A lot of people will remember that his appearance at United following the dismissal of the popular Chris Hughton was hardly greeted warmly. In fact some people still hold that particular viewpoint, which is staggering really when you look at the Premier League table.
Naturally a win in his opening game helped to ease the tension. A 3-1 victory over Liverpool was just the medicine the Toon Army needed to avoid one of those downward spirals of our own making and eased any unrest that was simmering beneath the surface, at least temporarily anyway.
Sales of players like Andy Carroll, Kevin Nolan, Joey Barton and Jose Enrique didn’t help either. With suspicion rife a lot of fans were left wondering just what the motives of the former Reading, West Ham, Charlton and Southampton manager were. Was he here to assist Mike Ashley more than anything else?
Fast forward to the present day and what do we have? A team guaranteed to be in Europe with the possibility of even making the Champions League. A best league finish since the days of Sir Bobby Robson and a team that is starting to show real attacking intent and flair.
It’s folly to suggest that every bit of success has been a tactical masterstroke. There are times when we have been lucky and times that we have been awful, which I’ll point out now is no different to what any other Premier League team goes through during the course of the season.
There are also times that we’ve been sublime and have pulled of tactical masterstrokes. I remember Blackburn away where we were being outplayed. A quick shuffle of the pack for the second half and we ended up being comfortable winners. Stoke away was another example, especially Danny Simpson and his towel routine which is the kind of fine detail that can influence a game – notice the reaction from the Stoke players and manager, who collectively were rather irate about it all.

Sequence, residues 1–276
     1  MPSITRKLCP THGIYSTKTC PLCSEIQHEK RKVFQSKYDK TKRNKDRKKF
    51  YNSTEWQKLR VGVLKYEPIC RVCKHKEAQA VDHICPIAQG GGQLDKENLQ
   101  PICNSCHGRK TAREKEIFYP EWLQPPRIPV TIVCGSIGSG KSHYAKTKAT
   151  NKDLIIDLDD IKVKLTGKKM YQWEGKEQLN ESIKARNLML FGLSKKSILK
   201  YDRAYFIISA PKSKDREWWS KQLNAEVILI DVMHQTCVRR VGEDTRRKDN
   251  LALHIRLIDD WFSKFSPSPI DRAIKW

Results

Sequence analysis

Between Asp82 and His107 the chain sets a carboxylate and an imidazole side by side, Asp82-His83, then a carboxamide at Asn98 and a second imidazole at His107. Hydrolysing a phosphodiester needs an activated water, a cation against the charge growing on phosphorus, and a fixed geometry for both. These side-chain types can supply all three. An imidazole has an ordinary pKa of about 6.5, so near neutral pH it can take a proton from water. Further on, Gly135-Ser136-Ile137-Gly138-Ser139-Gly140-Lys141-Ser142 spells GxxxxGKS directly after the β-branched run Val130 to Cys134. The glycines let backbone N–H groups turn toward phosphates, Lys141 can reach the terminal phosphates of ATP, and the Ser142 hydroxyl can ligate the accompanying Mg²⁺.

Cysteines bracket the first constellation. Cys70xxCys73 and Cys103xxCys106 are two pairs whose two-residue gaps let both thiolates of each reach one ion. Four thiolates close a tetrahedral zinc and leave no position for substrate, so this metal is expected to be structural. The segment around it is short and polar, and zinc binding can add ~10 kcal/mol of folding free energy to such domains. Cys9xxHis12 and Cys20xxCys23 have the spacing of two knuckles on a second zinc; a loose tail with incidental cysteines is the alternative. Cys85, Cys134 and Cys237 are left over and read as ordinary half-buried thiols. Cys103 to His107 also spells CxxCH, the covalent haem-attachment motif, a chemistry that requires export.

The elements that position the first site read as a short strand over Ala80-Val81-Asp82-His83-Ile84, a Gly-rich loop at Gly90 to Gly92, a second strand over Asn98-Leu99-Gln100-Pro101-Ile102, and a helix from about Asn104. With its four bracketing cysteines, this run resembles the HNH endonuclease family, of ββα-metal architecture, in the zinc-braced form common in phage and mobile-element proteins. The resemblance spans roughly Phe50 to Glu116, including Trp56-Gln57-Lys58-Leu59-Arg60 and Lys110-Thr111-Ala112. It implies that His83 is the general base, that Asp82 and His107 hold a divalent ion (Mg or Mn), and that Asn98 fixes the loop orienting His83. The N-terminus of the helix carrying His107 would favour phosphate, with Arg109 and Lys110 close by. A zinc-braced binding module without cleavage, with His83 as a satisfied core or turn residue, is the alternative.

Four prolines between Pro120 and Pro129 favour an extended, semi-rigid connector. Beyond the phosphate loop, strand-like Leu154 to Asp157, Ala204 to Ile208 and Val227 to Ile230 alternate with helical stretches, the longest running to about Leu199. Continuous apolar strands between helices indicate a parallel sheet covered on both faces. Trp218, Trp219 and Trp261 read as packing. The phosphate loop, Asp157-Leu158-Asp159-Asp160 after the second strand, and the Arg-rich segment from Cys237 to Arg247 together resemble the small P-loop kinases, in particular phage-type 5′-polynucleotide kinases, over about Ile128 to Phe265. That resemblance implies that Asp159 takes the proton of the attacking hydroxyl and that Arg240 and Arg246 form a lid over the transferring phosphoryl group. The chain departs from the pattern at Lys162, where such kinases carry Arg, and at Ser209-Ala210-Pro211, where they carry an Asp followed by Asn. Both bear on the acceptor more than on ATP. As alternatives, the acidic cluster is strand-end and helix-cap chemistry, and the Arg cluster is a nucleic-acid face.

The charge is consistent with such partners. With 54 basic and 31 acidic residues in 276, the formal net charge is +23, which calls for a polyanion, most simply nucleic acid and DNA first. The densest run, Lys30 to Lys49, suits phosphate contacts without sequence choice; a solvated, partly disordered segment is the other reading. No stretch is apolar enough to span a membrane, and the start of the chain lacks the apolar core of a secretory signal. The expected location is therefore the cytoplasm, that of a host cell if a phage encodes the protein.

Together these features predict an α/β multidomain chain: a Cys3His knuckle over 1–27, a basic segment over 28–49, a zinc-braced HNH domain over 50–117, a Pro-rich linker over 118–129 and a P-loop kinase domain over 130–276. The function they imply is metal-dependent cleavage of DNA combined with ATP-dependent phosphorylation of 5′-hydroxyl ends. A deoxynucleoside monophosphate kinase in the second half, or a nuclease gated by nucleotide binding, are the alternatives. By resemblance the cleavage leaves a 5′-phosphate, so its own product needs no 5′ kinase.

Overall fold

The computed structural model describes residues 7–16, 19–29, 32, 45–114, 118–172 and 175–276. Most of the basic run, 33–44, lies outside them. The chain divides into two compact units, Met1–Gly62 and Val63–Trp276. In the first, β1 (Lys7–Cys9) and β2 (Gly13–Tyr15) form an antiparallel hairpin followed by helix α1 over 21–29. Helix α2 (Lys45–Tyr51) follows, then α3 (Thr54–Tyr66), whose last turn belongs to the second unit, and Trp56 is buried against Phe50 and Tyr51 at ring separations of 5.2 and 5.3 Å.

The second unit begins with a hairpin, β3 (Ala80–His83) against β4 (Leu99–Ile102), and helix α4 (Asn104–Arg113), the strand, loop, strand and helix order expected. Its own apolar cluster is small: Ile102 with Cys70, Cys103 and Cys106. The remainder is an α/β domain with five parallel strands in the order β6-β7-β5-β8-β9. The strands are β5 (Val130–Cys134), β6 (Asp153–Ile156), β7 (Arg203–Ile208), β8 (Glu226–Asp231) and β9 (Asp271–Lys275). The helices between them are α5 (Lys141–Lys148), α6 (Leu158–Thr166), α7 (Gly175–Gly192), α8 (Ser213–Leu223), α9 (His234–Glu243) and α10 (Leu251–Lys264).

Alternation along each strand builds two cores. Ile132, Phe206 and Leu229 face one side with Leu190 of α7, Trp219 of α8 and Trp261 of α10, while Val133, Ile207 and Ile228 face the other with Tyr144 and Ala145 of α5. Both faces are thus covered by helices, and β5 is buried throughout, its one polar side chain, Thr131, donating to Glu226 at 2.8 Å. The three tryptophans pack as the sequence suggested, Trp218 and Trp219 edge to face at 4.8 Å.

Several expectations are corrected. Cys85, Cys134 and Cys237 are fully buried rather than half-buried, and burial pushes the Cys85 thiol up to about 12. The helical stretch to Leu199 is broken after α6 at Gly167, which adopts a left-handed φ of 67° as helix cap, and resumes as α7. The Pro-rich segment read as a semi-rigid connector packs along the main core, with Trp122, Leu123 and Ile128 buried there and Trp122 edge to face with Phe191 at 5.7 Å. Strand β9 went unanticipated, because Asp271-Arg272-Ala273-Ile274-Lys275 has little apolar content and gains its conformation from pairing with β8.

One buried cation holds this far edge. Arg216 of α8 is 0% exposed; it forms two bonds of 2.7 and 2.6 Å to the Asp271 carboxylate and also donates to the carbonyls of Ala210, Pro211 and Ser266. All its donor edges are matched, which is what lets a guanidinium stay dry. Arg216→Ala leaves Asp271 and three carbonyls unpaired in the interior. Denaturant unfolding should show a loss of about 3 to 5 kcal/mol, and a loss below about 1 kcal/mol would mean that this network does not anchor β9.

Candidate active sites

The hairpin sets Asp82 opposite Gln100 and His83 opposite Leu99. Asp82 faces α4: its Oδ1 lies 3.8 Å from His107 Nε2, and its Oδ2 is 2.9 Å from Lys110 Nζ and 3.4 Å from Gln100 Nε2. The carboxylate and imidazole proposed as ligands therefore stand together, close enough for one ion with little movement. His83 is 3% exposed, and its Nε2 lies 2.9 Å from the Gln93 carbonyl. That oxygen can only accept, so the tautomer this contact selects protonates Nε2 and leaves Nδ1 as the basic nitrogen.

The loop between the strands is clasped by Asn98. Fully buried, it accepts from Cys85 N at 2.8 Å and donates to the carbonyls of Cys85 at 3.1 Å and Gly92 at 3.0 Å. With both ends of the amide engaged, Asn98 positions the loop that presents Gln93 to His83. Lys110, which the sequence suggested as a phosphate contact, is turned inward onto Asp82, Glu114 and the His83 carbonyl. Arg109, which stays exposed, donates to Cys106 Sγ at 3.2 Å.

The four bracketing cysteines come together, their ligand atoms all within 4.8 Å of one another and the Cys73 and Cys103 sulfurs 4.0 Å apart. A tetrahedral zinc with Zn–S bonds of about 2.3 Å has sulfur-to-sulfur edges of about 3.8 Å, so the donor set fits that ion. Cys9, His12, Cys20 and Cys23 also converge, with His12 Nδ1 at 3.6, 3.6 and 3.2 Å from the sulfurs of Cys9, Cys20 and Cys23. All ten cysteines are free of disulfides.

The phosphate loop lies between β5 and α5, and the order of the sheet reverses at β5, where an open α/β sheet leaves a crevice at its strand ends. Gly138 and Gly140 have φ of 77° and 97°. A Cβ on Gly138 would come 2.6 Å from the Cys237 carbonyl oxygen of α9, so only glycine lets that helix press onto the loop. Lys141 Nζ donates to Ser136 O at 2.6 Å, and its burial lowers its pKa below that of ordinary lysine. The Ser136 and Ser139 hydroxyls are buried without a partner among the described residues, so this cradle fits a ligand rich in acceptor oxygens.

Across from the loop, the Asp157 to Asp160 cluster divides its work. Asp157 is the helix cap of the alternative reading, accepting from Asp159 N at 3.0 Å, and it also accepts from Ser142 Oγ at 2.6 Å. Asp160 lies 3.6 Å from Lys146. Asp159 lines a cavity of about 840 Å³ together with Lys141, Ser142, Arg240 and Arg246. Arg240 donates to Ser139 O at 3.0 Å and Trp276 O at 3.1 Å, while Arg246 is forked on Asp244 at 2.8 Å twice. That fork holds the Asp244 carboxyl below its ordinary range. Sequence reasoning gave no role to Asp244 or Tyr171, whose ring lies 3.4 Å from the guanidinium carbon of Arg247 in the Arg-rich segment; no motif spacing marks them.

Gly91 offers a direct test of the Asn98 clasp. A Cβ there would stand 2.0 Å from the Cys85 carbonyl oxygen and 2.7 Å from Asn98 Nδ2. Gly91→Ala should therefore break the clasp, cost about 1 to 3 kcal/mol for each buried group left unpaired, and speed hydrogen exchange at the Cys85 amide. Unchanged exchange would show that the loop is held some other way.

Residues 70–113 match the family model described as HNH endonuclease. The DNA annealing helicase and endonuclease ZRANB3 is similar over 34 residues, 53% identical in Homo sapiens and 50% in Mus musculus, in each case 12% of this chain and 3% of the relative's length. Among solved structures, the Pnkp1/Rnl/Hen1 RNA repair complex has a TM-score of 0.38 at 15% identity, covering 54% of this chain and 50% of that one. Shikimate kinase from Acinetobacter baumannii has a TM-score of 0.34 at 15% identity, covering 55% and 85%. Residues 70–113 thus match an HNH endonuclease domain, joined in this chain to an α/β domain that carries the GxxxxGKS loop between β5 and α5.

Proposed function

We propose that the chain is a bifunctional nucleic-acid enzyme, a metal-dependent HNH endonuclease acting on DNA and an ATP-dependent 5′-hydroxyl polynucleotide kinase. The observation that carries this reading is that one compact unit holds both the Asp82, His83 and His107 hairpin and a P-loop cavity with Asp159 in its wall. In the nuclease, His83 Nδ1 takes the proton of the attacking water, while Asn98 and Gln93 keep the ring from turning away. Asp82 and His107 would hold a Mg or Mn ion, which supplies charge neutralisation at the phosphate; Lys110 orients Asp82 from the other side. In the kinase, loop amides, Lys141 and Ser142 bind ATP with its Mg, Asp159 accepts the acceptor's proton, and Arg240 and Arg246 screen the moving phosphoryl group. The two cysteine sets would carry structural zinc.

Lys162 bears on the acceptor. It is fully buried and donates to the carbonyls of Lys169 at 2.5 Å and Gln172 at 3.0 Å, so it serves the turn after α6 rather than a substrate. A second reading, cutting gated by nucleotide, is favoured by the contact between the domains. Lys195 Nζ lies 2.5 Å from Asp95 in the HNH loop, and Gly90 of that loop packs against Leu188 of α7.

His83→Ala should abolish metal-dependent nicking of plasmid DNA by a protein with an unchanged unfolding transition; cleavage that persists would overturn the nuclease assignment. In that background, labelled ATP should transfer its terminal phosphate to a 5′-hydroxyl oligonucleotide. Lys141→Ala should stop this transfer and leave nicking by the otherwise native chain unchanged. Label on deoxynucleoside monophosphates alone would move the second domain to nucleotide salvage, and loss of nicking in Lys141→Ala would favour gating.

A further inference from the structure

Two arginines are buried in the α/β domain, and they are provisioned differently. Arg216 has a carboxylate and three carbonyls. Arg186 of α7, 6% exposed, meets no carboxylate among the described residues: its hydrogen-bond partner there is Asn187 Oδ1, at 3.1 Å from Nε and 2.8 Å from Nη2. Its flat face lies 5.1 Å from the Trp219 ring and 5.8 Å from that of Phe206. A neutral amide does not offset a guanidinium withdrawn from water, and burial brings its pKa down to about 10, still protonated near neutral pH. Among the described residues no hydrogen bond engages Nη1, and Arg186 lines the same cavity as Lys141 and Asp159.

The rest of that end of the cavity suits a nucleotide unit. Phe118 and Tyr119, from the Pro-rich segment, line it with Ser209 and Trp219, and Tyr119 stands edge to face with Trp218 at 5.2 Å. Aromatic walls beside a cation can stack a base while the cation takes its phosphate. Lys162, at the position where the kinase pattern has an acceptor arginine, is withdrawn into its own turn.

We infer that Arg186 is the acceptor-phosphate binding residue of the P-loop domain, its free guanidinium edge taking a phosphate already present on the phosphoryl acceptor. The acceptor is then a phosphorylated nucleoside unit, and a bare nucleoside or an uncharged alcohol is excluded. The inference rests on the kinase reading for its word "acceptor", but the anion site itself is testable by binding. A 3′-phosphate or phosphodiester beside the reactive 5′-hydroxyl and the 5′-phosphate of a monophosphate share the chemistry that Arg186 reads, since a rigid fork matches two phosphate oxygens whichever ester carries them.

The key thing for me though in the success story so far that has been Alan Pardew’s appointment, has been the motivational aspect of his tenure. Quite simply it’s been exceptional. It takes more than whispering “well done” in the ear of a player to make them feel happy. All you have to do is look towards the squad players, like James Perch and see the improvement in those to see that motivation does work.
He’s quick to praise players and will shoulder the blame when needed. A look back at the 5-0 loss at Tottenham will confirm that. Rather than condemn the players for basic defensive errors he instead came out and said that the blame should be laid at his own door, thus lifting any real pressure off of the shoulders of the players.
It’s that kind of thing that has served us well so far this season and has given the players the belief to perform so well. It helps that we have quality players of course, but as we’ve seen first hand, just because we have quality players it doesn’t necessarily mean that they will play like a quality team.
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